Formula 1: Porsche and Red Bull: Who steps on the brakes and why?

What’s wrong with Porsche and Red Bull? Audi already announced its entry into Formula 1 as an engine manufacturer from 2026 at Spa last weekend and indirectly confirmed Porsche’s commitment.

Whether accidentally or quite deliberately: At the press conference, when asked about the competition, Audi board member Markus Duesmann slipped out of his own group: “We will have two separate projects – like back then in Le Mans. Of course, this was a big discussion internally. But both brands have their own fans. There will be completely different chassis and drive projects.”

In other words: Porsche is following Audi into Formula 1, but with its own engine and its own team. Actually, that’s not a big surprise: The fact that the sports car manufacturer wants to team up with Red Bull has long been on the roof. In Morocco, the antitrust authorities have already approved a 50 percent takeover of the chassis company Red Bull Technology – and announced this in a newspaper advertisement as required by the rules of antitrust law.

Porsche itself has registered the lettering “F1nally” as a trademark. But Red Bull has been verbally hitting the brakes for days. When asked about the statement by Audi boss Duesmann, motorsports chief adviser Helmut Marko told Newsabc: “But he’s premature. The talks are not over yet.”

Motorsport Chief Advisor Dr. Helmut Marko

That sounded very different a few weeks ago. Since the Porsche-Red Bull project was considered safe, while Audi’s commitment hung in the balance. Now the turnaround. But why is it? Helmut Marko also knows that the manufacturer, with whom he won the 24 Hours of Le Mans in 1971, wanted to enter the car as a logical step. “Formula 1 is booming in such a way that it is a logical step for every self-respecting car manufacturer,” he says to Newsabc.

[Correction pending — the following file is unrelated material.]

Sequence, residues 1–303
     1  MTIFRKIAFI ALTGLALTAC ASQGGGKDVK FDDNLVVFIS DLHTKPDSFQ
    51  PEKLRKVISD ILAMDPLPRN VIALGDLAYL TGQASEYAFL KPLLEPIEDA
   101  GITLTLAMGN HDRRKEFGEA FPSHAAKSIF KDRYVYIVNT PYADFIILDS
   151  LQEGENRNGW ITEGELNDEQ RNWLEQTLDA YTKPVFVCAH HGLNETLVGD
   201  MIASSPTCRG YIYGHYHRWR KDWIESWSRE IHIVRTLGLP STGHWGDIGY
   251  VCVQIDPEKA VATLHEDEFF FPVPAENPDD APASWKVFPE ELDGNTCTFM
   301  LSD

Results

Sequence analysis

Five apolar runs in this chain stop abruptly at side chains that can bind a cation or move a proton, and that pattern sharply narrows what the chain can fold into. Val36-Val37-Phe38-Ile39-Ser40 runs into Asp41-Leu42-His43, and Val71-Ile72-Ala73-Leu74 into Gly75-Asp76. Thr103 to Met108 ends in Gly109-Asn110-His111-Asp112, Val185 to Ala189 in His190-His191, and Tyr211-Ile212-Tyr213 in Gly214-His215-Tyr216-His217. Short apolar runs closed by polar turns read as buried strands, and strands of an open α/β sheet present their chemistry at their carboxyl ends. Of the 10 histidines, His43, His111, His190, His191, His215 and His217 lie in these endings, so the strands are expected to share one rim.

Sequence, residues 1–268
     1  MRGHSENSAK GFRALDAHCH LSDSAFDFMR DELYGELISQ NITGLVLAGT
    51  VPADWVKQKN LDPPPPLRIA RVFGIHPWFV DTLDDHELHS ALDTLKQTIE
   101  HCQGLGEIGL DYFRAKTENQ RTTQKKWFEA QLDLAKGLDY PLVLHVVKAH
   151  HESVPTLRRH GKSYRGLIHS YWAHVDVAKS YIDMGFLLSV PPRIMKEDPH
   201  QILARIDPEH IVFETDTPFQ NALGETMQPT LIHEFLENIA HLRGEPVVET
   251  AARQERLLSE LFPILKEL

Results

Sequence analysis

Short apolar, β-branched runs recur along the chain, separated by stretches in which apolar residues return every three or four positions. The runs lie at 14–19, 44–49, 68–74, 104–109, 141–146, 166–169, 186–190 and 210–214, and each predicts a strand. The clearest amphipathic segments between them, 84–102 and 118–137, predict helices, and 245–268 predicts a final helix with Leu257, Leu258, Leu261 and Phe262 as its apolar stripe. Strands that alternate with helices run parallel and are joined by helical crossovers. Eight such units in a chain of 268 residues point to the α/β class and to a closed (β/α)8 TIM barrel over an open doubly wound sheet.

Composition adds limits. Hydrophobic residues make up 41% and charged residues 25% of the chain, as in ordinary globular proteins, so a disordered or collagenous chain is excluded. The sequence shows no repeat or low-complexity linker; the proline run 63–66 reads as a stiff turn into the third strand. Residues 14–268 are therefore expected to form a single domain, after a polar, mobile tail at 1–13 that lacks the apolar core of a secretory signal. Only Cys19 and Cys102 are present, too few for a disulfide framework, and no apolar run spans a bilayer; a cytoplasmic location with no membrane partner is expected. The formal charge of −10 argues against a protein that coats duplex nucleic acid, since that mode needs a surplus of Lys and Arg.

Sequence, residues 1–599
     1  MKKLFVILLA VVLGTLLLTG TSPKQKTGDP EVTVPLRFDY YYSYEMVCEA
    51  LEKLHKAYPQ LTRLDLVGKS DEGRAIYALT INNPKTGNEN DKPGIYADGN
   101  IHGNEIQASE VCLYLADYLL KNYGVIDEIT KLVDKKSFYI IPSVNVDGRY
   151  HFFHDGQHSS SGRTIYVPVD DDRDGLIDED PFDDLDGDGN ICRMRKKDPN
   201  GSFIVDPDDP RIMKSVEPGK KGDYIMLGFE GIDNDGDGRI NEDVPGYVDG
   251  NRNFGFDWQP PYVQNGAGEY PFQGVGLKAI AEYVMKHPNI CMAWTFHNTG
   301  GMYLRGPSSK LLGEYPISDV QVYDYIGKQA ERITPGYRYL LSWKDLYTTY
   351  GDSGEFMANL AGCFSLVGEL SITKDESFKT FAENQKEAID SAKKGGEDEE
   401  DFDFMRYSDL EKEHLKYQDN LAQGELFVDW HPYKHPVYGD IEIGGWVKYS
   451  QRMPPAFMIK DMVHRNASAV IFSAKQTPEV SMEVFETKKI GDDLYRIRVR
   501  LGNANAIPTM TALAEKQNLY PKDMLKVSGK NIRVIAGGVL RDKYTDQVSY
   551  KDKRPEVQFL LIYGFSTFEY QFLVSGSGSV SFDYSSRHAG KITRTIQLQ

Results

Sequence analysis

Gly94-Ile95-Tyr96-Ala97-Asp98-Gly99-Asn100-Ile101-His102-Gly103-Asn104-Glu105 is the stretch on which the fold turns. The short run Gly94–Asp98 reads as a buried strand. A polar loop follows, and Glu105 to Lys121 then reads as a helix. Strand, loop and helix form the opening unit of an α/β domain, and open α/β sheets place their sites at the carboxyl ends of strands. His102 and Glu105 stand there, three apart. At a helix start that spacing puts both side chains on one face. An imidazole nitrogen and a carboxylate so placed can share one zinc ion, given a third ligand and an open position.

And that’s where the problem lies. Because Honda also wants to return to the top automotive category in 2026. Preferably with Red Bull, who is still a customer. That gives the Austrians room for negotiation. According to information provided by Newsabc, people play poker for money and power. Red Bull knows that when Porsche comes on board as a 50 percent shareholder and engine supplier, the Germans also want to make the decisions. That costs money – or has to be regulated differently.

The problem from Porsche’s point of view: A new drive manufacturer must have registered with the FIA ​​​​for 2026 by October 15th.

If the deal actually bursts, it would be a surprise. The chemistry between Porsche and Red Bull is right. Board member Wolfgang Porsche, Helmut Marko and Head of Volkswagen Motorsport Fritz Enzinger know and appreciate each other. This is one of the reasons why only the team of world champion Max Verstappen comes into question as a partner for the Stuttgart team.

But there is a problem. At least not yet.

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